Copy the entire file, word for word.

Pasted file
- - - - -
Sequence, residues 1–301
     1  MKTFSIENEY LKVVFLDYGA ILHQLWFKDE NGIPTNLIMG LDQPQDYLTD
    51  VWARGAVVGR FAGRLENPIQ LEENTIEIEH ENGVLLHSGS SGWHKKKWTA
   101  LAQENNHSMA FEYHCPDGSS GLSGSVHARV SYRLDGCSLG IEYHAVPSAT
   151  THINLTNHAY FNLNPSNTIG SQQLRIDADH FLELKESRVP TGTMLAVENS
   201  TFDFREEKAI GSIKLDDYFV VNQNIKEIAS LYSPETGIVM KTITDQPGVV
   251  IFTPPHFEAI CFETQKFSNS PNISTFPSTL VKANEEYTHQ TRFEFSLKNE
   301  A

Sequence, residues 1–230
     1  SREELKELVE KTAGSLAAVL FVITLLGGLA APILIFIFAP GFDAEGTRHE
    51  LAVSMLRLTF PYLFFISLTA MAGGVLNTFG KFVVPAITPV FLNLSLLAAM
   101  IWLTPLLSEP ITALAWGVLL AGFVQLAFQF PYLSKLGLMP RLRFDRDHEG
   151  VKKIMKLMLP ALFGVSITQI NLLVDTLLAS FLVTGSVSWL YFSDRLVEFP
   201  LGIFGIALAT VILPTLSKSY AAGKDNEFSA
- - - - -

Sequence, residues 1–301
     1  MKTFSIENEY LKVVFLDYGA ILHQLWFKDE NGIPTNLIMG LDQPQDYLTD
    51  VWARGAVVGR FAGRLENPIQ LEENTIEIEH ENGVLLHSGS SGWHKKKWTA
   101  LAQENNHSMA FEYHCPDGSS GLSGSVHARV SYRLDGCSLG IEYHAVPSAT
   151  THINLTNHAY FNLNPSNTIG SQQLRIDADH FLELKESRVP TGTMLAVENS
   201  TFDFREEKAI GSIKLDDYFV VNQNIKEIAS LYSPETGIVM KTITDQPGVV
   251  IFTPPHFEAI CFETQKFSNS PNISTFPSTL VKANEEYTHQ TRFEFSLKNE
   301  A

Sequence, residues 1–230
     1  SREELKELVE KTAGSLAAVL FVITLLGGLA APILIFIFAP GFDAEGTRHE
    51  LAVSMLRLTF PYLFFISLTA MAGGVLNTFG KFVVPAITPV FLNLSLLAAM
   101  IWLTPLLSEP ITALAWGVLL AGFVQLAFQF PYLSKLGLMP RLRFDRDHEG
   151  VKKIMKLMLP ALFGVSITQI NLLVDTLLAS FLVTGSVSWL YFSDRLVEFP
   201  LGIFGIALAT VILPTLSKSY AAGKDNEFSA